In May 2020, the Centre for Innovation in Medicine published a Position Paper on Europe’s Beating Cancer Plan, recommending five major areas of action and putting together in the same phrase “inequalities” and “innovation”.
One of these recommendations referred to the use of data through citizen involvement: “The European data space for cancer must promote data donation from European citizens, cancer patients or other patients, directly to a single hub at the European Union level, in order to avoid the existing barriers of the health systems (absence of electronic records, different standards, lack of involvement in EU projects on a voluntary basis of some Member States, etc.).”
Fast forward to the 3rd of May 2022, the European Commission launched the European Health Data Space (EHDS), one of the central building blocks of a strong European Health Union, opening a new era for data use in the European Union and offering a consistent, trustworthy and efficient framework to use health data for research, innovation, policy-making and regulatory activities, while ensuring full compliance with the EU’s high data protection standards.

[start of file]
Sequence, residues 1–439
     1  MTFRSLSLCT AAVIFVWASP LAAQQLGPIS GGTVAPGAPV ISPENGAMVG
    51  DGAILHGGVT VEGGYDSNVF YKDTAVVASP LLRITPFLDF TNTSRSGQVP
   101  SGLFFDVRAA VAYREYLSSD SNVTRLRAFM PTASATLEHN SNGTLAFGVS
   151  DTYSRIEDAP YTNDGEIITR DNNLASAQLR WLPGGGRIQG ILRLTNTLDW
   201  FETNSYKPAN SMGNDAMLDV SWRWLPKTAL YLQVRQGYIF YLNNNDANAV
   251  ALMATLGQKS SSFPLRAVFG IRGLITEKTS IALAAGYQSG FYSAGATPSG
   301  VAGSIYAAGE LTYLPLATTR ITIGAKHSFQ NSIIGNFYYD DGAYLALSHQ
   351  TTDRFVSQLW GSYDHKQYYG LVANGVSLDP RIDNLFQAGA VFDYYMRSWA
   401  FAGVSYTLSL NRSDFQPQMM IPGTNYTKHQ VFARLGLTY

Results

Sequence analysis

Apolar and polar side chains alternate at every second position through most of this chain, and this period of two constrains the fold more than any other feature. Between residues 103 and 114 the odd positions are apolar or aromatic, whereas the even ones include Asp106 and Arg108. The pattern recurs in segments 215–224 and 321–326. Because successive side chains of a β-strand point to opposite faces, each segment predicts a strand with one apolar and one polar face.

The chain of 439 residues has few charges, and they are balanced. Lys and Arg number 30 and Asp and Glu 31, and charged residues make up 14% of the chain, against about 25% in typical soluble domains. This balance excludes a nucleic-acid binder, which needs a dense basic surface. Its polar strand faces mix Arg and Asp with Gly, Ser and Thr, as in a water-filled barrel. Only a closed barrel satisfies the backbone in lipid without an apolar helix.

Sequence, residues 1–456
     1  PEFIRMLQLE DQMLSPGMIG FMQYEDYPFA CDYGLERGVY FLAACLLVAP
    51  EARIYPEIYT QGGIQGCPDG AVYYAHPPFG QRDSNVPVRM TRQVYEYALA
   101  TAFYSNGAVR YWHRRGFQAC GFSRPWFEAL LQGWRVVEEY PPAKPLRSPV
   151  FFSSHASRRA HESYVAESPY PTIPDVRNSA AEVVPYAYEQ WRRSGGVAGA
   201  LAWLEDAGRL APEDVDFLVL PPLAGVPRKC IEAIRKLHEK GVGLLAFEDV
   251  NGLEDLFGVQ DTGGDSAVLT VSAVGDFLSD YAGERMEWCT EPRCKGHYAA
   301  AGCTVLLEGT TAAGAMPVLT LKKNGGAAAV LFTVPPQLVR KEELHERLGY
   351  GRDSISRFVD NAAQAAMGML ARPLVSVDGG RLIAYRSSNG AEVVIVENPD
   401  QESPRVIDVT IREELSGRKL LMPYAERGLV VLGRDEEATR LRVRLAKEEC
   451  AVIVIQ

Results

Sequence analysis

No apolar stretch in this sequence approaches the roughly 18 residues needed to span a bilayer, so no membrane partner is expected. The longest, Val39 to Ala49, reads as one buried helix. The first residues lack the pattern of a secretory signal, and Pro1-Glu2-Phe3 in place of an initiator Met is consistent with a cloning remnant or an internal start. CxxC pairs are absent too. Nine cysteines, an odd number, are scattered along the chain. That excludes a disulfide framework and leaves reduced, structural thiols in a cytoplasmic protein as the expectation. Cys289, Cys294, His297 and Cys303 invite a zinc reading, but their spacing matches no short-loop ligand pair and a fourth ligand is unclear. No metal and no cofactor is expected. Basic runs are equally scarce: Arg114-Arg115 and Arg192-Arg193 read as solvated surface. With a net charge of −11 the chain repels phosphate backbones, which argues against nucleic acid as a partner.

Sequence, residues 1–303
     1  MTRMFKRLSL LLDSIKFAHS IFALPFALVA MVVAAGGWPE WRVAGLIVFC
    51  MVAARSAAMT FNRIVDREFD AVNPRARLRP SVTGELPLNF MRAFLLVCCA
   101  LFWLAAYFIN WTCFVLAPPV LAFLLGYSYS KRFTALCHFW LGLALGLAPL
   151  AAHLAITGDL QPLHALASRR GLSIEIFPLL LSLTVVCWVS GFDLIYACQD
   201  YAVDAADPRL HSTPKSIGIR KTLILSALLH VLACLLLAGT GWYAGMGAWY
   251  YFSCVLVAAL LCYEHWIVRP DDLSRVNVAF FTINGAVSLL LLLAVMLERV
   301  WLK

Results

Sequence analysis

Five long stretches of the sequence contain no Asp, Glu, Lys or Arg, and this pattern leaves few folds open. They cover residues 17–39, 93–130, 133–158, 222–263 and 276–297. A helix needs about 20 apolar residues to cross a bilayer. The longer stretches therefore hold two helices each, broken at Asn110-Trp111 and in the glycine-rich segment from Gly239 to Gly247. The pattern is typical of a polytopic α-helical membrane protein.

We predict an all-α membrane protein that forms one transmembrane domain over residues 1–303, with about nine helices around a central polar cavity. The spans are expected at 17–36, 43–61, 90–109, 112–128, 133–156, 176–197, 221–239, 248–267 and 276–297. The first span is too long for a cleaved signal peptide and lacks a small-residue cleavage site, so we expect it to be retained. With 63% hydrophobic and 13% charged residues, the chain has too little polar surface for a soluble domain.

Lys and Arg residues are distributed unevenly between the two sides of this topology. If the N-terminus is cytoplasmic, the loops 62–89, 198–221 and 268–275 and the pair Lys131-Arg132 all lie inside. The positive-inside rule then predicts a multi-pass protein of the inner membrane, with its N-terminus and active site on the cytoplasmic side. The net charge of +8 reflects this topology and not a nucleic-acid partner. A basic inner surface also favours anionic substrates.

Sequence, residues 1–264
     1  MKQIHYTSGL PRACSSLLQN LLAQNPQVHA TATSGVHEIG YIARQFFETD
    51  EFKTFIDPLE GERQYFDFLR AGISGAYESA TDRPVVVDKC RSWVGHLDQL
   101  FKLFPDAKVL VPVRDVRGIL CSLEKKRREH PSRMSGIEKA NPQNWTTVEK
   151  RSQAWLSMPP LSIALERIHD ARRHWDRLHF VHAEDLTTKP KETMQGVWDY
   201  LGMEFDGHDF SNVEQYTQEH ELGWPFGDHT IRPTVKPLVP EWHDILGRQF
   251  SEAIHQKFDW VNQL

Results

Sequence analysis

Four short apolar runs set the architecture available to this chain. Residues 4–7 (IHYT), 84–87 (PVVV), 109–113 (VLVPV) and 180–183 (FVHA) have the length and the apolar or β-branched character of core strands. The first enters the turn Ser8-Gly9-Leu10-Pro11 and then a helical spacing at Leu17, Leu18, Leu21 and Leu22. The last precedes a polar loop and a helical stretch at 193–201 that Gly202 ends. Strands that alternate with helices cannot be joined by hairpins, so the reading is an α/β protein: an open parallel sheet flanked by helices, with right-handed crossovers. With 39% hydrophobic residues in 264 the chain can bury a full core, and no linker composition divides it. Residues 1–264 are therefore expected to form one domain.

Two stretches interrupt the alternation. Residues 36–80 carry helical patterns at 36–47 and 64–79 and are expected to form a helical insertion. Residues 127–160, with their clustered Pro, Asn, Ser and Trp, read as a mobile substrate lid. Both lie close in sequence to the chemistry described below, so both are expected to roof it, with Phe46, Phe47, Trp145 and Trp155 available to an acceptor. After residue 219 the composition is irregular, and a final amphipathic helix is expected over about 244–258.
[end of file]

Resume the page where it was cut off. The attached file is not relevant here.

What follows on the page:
While the role of EHDS for research, innovation and policymaking, as it was designed in theory, will be vital, essential, one of the most important foundation principles of EHDS is that people will be in control of their own health data, in their country and cross-border: “Citizens will be in full control of their data and will be able to add information, rectify wrong data, restrict access to others and obtain information on how their data are used and for which purpose.”
If achieved, this measure will ensure that sharing health data will not be influenced by absence of electronic records (EHRs), that are a chronic problem in Eastern European countries, different standards or lack of involvement in EU projects on a voluntary basis in some Member States.
However, like any major innovative approach that aims to reduce inequalities in some areas, it has the potential to create new ones or widen the existing gap between East and West. In parallel, intensive projects and initiatives that aim at informing and educating the citizens in these Member States should be put in place as soon as possible. The impetus for action must come from the EU level, but the actions should be designed taking into account the experience of civil society at the national level, creating a balance between European vision and Eastern reality.